Facial Reconstruction Shows What This Stone Age Woman May Have Looked Like

Researchers found her skull in 1881, mistakingly believing it belonged to a man

Mladec 1
A facial reconstruction of a 17-year-old Stone Age woman Cicero Moraes / Jiri Sindelar / Karel Drbal

More than 140 years ago, archaeologists discovered a skull in what is now the Czech Republic. It belonged to a man, they hypothesized, and it was roughly 31,000 years old.

But now, the authors of a new study, published in an online book called The Forensic Facial Approach to the Skull Mladeč 1, say the skull actually belonged to a woman, who was about 17 at her time of death. They say it is one of the oldest Homo sapien skulls found in Europe—and to approximate what she might have looked like, they have also created an impressive reconstruction of her face.

“When the skull was analyzed individually, the features pointed to a male,” Cicero Moraes, a Brazilian graphics expert and one of the study’s co-authors, tells Live Science’s Jennifer Nalewicki. “But when later studies compared the skull with others found at the site, the evidence pointed to a female.”

Josef Szombathy, an Austro-Hungarian archaeologist, first discovered the skull, now known as “Mladeč 1,” in the Czech village of Mladeč  in 1881. Scientists also found other artifacts, bones and remains of teeth at the site.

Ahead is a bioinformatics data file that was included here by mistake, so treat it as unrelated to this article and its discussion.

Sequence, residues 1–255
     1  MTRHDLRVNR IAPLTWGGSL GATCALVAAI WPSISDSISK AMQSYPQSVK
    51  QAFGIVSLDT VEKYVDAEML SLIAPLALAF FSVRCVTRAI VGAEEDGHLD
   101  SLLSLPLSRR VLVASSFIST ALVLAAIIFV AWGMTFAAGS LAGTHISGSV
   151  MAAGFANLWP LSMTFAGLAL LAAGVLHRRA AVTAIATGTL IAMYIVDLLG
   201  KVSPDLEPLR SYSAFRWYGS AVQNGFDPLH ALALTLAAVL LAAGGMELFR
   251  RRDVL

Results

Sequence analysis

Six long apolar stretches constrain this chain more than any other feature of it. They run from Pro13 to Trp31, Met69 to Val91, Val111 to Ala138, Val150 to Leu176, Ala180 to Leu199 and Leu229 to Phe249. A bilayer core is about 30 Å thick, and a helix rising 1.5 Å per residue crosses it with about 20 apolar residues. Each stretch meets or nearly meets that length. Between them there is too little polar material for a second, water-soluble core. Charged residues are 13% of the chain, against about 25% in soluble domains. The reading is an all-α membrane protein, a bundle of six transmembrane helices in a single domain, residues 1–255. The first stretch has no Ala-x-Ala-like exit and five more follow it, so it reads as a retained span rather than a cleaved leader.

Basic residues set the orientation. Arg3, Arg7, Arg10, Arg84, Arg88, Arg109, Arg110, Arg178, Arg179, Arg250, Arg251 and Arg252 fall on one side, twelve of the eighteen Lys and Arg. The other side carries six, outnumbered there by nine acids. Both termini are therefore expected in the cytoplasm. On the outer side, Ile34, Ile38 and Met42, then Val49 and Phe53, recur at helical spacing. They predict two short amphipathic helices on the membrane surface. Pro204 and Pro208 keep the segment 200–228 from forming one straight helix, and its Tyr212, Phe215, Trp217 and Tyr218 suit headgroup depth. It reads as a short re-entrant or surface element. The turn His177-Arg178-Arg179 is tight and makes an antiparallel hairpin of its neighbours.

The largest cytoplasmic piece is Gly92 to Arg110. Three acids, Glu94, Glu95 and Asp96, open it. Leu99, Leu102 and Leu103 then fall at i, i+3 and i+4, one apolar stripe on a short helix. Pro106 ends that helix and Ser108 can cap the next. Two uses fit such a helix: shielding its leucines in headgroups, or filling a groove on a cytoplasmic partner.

In 2021, the Vienna Natural History Museum released an interactive 3-D scan of the skull. This was ultimately what inspired the study authors—Moraes, surveyor Jiří Šindelář, and Karel Drbal, deputy director of the Caves Administration of the Czech Republic—to create a facial reconstruction.

Reconstruction of human faces is nothing new: Earlier this month, a museum in Scotland revealed new images of three medieval Scottish people. Other examples of reconstruction efforts include Jane, who was eaten by fellow settlers at the Jamestown colony; Ava, a Bronze Age woman from the Scottish Highlands; and “Context 958,” an impoverished English man who died in the 1200s.

In Mladeč 1’s case, though, a few things set the reconstruction apart: Part of the skull’s jaw was missing, so the team used about 200 CT scans of other female skulls, both prehistoric and modern, to fill it in. The team then used “soft-tissue thickness markers” to determine the boundaries of the skin, Moraes tells Live Science.

The study authors ultimately created two sets of images. The first shows the woman in grayscale with closed eyes, which is the “more scientific and simple” approach, adds Moraes. The second set of images is “more subjective,” showing the woman in color with hair, eyebrows and open eyes.

Still, facial reconstruction is an evolving art. In the past, implicit bias has led scientists to create reconstructions that are misleading, and ongoing efforts to correct this are underway.

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